But in addition to her sharing in the Eucharist banquet, an indirect picture of Mary's relationship with the Eucharist can be had, beginning with her interior disposition. Mary is a "woman of the Eucharist" in her whole life. The Church, which looks to Mary as a model, is also called to imitate her in her relationship with this most holy mystery.
54. Mysterium fidei! If the Eucharist is a
mystery of faith which so greatly transcends our understanding as to call for
sheer abandonment to the word of God, then there can be no one like Mary to act
as our support and guide in acquiring this disposition. In repeating what
Christ did at the Last Supper in obedience to his command: "Do this in
memory of me!" we also accept Mary's invitation to obey him without
hesitation: "Do whatever he tells you" (Jn 2:5). With the same
maternal concern which she showed at the wedding feast of
55. In a certain sense Mary lived her Eucharistic faith even before the institution of the Eucharist, by the fact that she offered her virginal womb for the Incarnation of God's Word. The Eucharist, while commemorating the passion and resurrection, is also in continuity with the incarnation. At the Annunciation Mary conceived the Son of God in the physical reality of his body and blood, thus anticipating within herself what to some degree happens sacramentally in every believer who receives, under the signs of bread and wine, the Lord's body and blood.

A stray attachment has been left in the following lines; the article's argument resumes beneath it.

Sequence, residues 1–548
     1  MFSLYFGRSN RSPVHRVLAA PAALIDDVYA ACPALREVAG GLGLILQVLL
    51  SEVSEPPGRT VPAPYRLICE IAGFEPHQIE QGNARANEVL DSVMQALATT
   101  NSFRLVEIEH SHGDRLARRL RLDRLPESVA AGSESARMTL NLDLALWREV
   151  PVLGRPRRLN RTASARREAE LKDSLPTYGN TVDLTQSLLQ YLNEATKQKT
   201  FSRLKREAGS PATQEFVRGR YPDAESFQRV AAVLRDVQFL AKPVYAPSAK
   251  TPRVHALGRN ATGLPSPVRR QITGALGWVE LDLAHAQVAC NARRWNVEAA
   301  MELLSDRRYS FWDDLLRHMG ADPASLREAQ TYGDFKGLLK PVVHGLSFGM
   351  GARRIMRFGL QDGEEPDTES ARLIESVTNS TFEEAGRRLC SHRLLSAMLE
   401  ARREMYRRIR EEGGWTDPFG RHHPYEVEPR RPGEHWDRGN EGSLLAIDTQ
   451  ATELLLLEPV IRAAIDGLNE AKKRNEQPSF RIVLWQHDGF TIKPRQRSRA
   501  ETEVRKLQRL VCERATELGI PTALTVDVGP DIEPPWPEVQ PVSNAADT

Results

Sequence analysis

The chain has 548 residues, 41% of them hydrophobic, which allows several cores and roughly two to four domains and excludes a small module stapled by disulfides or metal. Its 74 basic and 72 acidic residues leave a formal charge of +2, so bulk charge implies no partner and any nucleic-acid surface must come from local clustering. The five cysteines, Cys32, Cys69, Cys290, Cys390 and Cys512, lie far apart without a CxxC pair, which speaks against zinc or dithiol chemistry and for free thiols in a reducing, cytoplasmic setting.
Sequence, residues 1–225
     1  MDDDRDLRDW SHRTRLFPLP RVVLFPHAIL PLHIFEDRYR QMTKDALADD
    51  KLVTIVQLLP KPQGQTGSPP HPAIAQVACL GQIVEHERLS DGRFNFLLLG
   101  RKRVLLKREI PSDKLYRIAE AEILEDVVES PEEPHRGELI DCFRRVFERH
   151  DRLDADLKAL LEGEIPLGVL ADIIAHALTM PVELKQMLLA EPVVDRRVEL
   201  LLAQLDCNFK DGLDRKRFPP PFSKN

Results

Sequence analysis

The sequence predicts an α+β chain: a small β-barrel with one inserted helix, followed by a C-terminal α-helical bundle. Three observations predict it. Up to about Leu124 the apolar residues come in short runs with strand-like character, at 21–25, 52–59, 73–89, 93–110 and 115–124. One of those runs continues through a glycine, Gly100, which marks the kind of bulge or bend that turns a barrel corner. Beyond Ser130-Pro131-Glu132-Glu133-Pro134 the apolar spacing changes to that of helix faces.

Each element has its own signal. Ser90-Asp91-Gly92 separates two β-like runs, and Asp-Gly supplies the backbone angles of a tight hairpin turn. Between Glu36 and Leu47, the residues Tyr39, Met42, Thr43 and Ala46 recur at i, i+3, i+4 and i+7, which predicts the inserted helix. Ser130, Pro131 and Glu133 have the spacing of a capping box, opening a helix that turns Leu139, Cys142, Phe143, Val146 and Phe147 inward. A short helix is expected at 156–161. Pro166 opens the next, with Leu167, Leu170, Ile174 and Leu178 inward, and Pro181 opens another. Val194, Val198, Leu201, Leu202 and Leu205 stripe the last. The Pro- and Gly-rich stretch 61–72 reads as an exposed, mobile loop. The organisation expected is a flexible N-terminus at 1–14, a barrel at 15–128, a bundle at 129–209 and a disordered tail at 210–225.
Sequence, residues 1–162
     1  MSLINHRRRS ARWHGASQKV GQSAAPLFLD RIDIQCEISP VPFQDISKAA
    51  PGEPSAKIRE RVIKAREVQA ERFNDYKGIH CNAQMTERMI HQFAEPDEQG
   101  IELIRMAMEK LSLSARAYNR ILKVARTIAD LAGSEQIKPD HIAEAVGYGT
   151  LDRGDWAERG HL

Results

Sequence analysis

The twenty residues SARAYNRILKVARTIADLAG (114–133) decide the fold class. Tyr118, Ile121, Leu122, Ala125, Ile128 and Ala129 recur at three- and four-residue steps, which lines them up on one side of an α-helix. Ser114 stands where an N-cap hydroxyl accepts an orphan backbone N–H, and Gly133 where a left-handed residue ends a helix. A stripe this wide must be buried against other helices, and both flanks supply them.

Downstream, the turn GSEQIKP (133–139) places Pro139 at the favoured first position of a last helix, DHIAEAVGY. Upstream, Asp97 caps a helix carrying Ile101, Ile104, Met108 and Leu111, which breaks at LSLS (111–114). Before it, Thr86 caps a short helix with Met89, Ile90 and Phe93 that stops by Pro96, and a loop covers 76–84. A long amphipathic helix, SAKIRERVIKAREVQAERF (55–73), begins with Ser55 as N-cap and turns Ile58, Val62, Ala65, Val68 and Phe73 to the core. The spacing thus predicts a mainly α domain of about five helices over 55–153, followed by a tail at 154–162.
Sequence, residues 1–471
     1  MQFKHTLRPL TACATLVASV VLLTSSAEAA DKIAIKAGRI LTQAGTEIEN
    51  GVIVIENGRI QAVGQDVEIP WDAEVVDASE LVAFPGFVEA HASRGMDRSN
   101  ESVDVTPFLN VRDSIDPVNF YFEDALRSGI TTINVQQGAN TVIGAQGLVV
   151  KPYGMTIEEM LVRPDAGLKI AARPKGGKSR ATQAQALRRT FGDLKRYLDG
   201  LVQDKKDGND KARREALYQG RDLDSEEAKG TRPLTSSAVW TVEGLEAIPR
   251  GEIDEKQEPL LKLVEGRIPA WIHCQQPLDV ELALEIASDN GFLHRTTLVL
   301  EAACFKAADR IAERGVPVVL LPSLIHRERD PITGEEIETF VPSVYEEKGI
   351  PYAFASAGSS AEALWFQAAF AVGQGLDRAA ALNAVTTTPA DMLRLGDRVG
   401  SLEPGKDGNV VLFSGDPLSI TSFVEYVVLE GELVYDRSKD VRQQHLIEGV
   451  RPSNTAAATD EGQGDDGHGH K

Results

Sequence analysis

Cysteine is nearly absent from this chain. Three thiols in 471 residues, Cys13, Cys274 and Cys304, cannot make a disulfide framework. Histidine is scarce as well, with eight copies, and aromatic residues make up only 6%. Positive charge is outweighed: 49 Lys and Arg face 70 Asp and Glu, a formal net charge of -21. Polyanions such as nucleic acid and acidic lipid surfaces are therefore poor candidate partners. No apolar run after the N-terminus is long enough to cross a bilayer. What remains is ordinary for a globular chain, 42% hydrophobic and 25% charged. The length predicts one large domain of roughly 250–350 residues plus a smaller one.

As a result, there is a profound analogy between the Fiat which Mary said in reply to the angel, and the Amen which every believer says when receiving the body of the Lord. Mary was asked to believe that the One whom she conceived "through the Holy Spirit" was "the Son of God" (Lk -35). In continuity with the Virgin's faith, in the Eucharistic mystery we are asked to believe that the same Jesus Christ, Son of God and Son of Mary, becomes present in his full humanity and divinity under the signs of bread and wine. (All emphasis his)
It should be observed that the Pope not only modifies the position of Bernadine of Sienna, but places Mary on a level with the Roman priesthood. Mary conceived the "Eucharist;" the priests claim to transform the "bread" into the "incarnate God." Note closely the Pope's last sentence in the above quotation from the Encyclical. The "bread and wine" become Christ's "full humanity and divinity," in other words, God again manifest in the flesh! Man-made bread is declared worthy of worship. He who tempted the Son of man to make stones into bread to show His creative power, now asserts that he can create that same Son of man out of bread by merely uttering the word to do so. Here in this Encyclical, we have projected in the emphasis on "the Sunday Mass" a challenge not only to the memorial of creation, the Sabbath, but to the basis of redemption, the once for all sacrifice at Calvary. Intertwined with the Eucharist of Rome, is now the Mariology of the same system. We would do well to reread carefully Rev. 13:5-6 and 14:9-10, keeping in mind that one does not worship a day, but in the Mass is called to worship that which is assumed created by the priest on that day.
Note: Space limitations in this issue did
not permit us to discuss the call in the Encyclical, Ecclesia de Eucharistia, to the laity of the Roman Church to do
their duty "as citizens," so as to build "a world fully in
harmony with God's plan" (Par. 20). As we were writing this issue of WWN
(in July), we received a Fax telling us of some plans being formulated to
achieve this objective in